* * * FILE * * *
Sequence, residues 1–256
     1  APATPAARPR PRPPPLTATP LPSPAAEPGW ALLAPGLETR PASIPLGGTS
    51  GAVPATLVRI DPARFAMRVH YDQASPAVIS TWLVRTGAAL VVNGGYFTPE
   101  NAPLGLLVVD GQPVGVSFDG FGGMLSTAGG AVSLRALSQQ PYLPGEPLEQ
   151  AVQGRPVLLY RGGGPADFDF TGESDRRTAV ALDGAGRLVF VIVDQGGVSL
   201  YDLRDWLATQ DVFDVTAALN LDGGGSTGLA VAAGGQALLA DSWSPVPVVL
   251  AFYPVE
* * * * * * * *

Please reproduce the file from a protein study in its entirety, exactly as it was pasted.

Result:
Sequence, residues 1–256
     1  APATPAARPR PRPPPLTATP LPSPAAEPGW ALLAPGLETR PASIPLGGTS
    51  GAVPATLVRI DPARFAMRVH YDQASPAVIS TWLVRTGAAL VVNGGYFTPE
   101  NAPLGLLVVD GQPVGVSFDG FGGMLSTAGG AVSLRALSQQ PYLPGEPLEQ
   151  AVQGRPVLLY RGGGPADFDF TGESDRRTAV ALDGAGRLVF VIVDQGGVSL
   201  YDLRDWLATQ DVFDVTAALN LDGGGSTGLA VAAGGQALLA DSWSPVPVVL
   251  AFYPVE